Spiritual-But-Not-Bigoted (SBNB)

These are folks who tend to have a high regard for ideological purity. They may or may not be inclined towards spiritual practices, but they’re certainly not going to affiliate with a religious institution with nasty baggage. These are the people who like to remind everyone about the Crusades, the Phelpses, and abortion clinic bombings whenever the topic of religion comes up. They couldn’t possibly be part of something that promotes so much hatred. Their default stance tends to be that all religion is unreasoning fundamentalist religion and that therefore only unreasoning fundamentalists would be interested in religion. (Interestingly, I’ve seen this stance preached in some sci-fi books that my SBNR brother-in-law has loaned me recently…; a new missionary method for the New Atheism?) Thus, the “spiritual” part affirms that they may accept that there’s more to life than the flatly material; the “not religious” part affirms that they won’t have anything to do with a religious tradition that doesn’t pass their purity requirements.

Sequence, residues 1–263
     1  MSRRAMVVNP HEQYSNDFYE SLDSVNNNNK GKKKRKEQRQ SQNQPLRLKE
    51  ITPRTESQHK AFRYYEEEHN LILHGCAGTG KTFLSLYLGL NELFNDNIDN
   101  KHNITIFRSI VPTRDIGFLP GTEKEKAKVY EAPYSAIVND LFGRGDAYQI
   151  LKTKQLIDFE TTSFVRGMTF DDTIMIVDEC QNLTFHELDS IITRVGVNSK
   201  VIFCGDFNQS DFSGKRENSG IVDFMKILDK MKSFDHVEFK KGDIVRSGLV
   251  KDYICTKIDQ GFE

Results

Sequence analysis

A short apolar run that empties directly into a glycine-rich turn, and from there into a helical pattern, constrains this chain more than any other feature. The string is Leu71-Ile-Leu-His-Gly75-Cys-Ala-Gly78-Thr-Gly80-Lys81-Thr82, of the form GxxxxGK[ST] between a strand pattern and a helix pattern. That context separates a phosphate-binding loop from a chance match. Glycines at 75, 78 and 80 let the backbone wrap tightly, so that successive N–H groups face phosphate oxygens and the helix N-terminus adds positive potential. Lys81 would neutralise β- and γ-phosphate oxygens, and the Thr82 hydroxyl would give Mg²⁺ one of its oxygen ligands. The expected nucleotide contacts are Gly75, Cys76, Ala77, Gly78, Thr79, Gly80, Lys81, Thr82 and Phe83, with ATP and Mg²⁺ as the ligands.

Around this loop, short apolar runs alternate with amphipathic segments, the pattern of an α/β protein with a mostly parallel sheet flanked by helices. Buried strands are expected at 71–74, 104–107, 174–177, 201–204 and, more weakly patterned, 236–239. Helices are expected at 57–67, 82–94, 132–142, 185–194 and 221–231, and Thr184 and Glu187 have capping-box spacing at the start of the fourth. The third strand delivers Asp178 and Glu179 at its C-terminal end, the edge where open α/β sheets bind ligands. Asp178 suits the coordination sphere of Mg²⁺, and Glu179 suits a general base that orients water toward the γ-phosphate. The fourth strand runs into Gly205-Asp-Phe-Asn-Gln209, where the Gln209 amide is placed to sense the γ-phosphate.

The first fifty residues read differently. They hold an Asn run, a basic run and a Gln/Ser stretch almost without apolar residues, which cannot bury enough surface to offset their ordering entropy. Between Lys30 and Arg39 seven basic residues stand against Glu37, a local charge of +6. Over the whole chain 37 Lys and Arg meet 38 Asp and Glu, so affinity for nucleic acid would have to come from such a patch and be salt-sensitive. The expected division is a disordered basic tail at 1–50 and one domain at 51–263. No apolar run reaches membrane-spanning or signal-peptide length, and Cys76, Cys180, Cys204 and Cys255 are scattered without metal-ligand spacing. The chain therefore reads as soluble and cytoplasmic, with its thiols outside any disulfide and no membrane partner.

Spiritual-But-Not-Committed (SBNC)

These are the folks who tend to affiliate with particular lines of thought and may even self-identify with a religious group but for whatever reason just don’t get there. It may be a plea of busyness on account of the kids and their activities or it may be that they prefer bagels & the Times on a Sunday morning than dragging themselves to church. Thus, the “spiritual” part affirms that they think spiritual things are good and they may even connect with a tradition; the “not religious” part affirms that they don’t or can’t commit to the actual obligations of a religious community.

Spiritual-But-Not-Satisfied (SBNS)